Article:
May 2015: Paycheck to Paycheck Blues

bluesguitarPaycheck to Paycheck Blues

Know: More than two-thirds of Americans live paycheck to paycheck

Do: You can break the cycle. Start by categorizing and prioritizing what you spend.

Do you need a money makeover?

According to a report released earlier this year by the Corporation for Enterprise Development, nearly half of Americans are living in “a state of persistent financial insecurity, making it difficult to look beyond immediate needs and plan for a more secure future.”2

That’s just a lot of fancy words to say that too many of us are living paycheck to paycheck. And it’s not just the lower class anymore. In fact, the report finds that one-quarter of middle-class households fall into this category. So, the question is: Do you find yourself frequently running out of money days before payday? If so, you may need a money makeover.

Here’s how one family did it.


After getting married, buying a home and starting a family, Frank and Amy found themselves in a constant state of just making ends meet. They had a budget, but it was a horrible one. It only roughly accounted for their living expenses, some of which were fixed but many that fluctuated from month to month. So they never really knew how much money they had to spend.



Obviously, Frank and Amy were cutting it too close on a monthly basis. Plus, they had underestimated some of their fluctuating expenses and hadn’t budgeted for some of life’s other necessities like food, toilet paper or even regular haircuts for their family of three. Not surprisingly, they frequently ran out of cash before payday and ended up using credit to cover the gap.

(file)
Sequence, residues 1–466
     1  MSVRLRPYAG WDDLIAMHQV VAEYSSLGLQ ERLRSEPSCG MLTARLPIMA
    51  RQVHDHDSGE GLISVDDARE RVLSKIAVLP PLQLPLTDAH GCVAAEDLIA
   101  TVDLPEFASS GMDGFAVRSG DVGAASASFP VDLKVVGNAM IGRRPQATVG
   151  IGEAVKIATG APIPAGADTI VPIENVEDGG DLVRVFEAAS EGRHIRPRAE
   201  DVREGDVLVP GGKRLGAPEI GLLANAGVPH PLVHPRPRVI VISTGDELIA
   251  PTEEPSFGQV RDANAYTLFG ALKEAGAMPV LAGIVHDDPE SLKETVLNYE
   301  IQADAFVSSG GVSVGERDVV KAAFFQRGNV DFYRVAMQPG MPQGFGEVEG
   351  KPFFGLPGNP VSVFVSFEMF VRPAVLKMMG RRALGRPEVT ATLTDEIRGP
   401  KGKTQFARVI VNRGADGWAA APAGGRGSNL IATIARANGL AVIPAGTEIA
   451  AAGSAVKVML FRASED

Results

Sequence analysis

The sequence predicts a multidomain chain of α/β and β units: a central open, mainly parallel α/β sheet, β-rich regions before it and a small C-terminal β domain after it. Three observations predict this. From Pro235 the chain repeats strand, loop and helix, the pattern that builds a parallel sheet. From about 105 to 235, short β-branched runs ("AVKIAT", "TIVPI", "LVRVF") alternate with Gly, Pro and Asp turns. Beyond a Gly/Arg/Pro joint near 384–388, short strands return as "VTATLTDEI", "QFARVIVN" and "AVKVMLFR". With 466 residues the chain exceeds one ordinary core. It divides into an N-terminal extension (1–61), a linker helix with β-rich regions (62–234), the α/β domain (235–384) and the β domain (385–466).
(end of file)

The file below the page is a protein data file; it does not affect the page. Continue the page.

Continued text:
It was time to get real about their budget.

Start smart: Get a budget worksheet


Once they had a better handle on their expenses, they were able to categorize them based on need and priority. It became clear that they could make some quick improvements to their lifestyle choices category to free up funds. Frank and Amy immediately cancelled their gym membership, opting instead for free options like an after-work run outside, bike rides or using the weight set Frank already owned. They also researched on-demand TV and entertainment services and found that they could cut cable altogether. Then, Amy made the really tough decision to turn in her leased car in favor of a low-cost, used option they could purchase outright from a family member.


Even though expenses were eating away at their income, Frank and Amy were also making some really good decisions. They were both enrolled in their employer’s 401(k) plan and saving at least the minimum amount to get their full company match. They were also making an effort to tuck away a little savings each month for emergencies.

This young family also placed a high value on quality family time, trying to schedule a family outing at least once a month. After looking at their monthly expenses and making some choices, they didn’t sacrifice any of these good things. Instead of spending money on their family outings, they started researching things they could do in their community that were low or no cost. They found a lot of fun options and also discovered that volunteering and doing some sort of community service occasionally was a good fit for their family.

The lesson: You can cut back — and you don’t have to give up valuable life experiences. Think about the changes you could make.

Frank and Amy’s story is representative, and for informational purposes only. Source:, June 24, 2013, Source: 2 This material has been prepared for informational and educational purposes only. It is not intended to provide, and should not be relied upon for investment, accounting, legal or tax advice.

Core securities, when offered, are offered through GWFS Equities, Inc. and/or other broker dealers. GWFS Equities, Inc., Member FINRA/SIPC, is a wholly owned subsidiary of Great-West Life & Annuity Insurance Company.

This material has been prepared for informational and educational purposes only. It is not intended to provide, and should not be relied upon for investment, accounting, legal or tax advice.